Japan had been effectively sealed against foreign contacts for more than two centuries. Although previously well-disposed towards foreign trade and Christian missionaries, Shogun Ieyasu of the House of Tokagawa in 1603 began to expel all foreigners and suppress the alien religion. Ieyasu feared lest native Christians set up a fifth column for Spanish or Portuguese invaders. Japan was a feudal state at this time, and Ieyasu’s paranoia undoubtedly stemmed from this. While the House of Tokugawa became dominant, receiving the title of Shogun from the politically powerless emperor, Ieyasu did not establish a completely centralized state. Instead, he replaced opposing feudal lords with relatives and allies, who were free to rule within their domains with only a few restrictions. The Tokugawa Shoguns prevented alliances against them by forbidding marriages among the other feudal lords' family members and forcing them to spend every other year under the Shogun's eye in Edo (now Tokyo), the Shogunal capital, in a kind of organized hostage system. In 1638 under the third Shogun, Tokugawa Iemitsu, came the absolute prohibition of any contact with the outside world. Iemitsu believed that influences from abroad would shift the balance that existed between the Shogun and the feudal lords. Japanese nationals were not permitted to leave the country – even accidentally: sailors who drifted across the Pacific, carried away from Japanese shores by typhoons, were not allowed to return on pain of death.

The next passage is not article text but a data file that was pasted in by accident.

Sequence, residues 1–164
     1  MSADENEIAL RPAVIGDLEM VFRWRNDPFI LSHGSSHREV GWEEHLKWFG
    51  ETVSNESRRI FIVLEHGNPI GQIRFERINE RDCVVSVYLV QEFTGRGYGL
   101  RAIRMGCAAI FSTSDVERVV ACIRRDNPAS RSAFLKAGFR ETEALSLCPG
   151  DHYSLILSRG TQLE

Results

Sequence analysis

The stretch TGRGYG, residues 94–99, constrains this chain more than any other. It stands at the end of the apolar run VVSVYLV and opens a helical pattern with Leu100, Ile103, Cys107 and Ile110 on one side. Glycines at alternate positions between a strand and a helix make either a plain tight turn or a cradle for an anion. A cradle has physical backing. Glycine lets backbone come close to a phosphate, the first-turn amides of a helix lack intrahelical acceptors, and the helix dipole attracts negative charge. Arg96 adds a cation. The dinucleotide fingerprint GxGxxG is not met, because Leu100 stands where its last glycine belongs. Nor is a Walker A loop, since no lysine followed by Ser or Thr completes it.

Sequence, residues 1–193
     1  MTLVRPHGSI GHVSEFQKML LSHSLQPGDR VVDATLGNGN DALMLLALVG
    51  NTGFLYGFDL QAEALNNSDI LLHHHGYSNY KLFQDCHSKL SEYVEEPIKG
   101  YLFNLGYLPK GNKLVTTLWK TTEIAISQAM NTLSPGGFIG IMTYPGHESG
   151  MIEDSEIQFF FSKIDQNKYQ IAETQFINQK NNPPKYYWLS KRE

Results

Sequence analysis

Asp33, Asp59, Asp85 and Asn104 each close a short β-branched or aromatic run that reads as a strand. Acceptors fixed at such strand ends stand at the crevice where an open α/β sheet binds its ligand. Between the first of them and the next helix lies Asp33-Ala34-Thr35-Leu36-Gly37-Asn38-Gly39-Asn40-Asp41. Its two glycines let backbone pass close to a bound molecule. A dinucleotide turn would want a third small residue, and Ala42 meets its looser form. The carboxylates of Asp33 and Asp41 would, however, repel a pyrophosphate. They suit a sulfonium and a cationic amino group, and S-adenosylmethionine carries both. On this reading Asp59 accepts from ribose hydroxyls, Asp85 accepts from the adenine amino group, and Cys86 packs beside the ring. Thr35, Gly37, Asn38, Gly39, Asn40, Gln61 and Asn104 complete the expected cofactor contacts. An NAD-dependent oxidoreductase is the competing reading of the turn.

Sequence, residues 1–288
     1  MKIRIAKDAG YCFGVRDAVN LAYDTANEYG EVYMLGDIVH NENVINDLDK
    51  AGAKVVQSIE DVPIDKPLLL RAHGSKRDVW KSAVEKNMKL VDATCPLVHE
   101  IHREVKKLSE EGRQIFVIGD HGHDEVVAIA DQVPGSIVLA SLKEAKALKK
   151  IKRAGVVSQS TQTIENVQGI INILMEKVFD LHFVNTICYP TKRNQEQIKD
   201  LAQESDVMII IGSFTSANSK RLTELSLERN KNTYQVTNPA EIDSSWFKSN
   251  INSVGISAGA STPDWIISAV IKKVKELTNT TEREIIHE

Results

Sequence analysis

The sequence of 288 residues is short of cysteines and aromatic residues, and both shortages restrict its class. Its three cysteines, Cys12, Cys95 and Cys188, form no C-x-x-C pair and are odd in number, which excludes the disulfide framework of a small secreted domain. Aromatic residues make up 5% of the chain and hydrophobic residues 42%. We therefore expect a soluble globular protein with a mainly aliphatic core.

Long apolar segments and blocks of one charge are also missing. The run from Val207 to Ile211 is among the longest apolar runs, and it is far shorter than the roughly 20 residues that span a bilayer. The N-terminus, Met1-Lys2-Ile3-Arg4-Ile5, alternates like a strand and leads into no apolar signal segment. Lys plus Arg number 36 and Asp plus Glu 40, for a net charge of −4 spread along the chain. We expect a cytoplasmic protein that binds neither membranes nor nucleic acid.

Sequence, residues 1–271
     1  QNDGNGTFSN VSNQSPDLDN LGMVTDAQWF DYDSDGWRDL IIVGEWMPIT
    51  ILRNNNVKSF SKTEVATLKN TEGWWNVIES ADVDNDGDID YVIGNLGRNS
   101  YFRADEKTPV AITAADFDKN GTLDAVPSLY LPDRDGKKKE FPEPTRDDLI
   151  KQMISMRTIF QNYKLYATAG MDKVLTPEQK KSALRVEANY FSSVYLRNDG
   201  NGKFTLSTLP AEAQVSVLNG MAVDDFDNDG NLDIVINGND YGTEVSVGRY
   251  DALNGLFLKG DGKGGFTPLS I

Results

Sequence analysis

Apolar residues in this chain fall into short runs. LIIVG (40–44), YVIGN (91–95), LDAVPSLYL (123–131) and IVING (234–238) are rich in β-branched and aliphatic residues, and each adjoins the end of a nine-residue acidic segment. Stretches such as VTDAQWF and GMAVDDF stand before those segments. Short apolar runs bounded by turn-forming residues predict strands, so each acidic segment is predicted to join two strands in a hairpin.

The severity of this self-isolation did not diminish with the passage of time. An influential argument was made in 1825 by the scholar Aizawa Seishisai in his book “New Proposals” (Shinron). His work had been triggered by a Shogunate decree that again banned foreign ships. Aizawa warned that Japanese weakness “for novel gadgets" could "lure ignorant people" to the spell of "treacherous foreigners." The result would be the internal corruption and the decay of Japanese society or outright foreign conquest. In 1839 one group of intellectuals was so active in learning from the Dutch and spreading the information that several committed suicide fearing that their activities embarrassed their daimyo master in the eyes of the Shogun. The tension illustrated by these suicides--the tension created between the seeking of outside news to protect Japan and the fear that spreading of such foreign influence could create disorder or even civil war--shaped the background that foreigners never understood. For 250 years the Tokugawa Shogunate maintained that internal order and Japan's very survival required cutting off the inherently disorderly and usually uncontrollable affairs of the outside world. Westerners were not welcome, and almost no one in Europe or America had ever met a Japanese. Foreign sailors who were shipwrecked in Japanese waters were badly treated. They were captured and sent directly to the port of Nagasaki to be shipped home. Nagasaki was the only place that Europeans, mostly Dutch, were allowed to live; here they existed in primitive conditions on the small island of Dejima in Nagasaki harbor. Except for a few Chinese, who also traded at Nagasaki, and some Koreans, who came on official diplomatic missions, Japan was largely cut off from the outside world.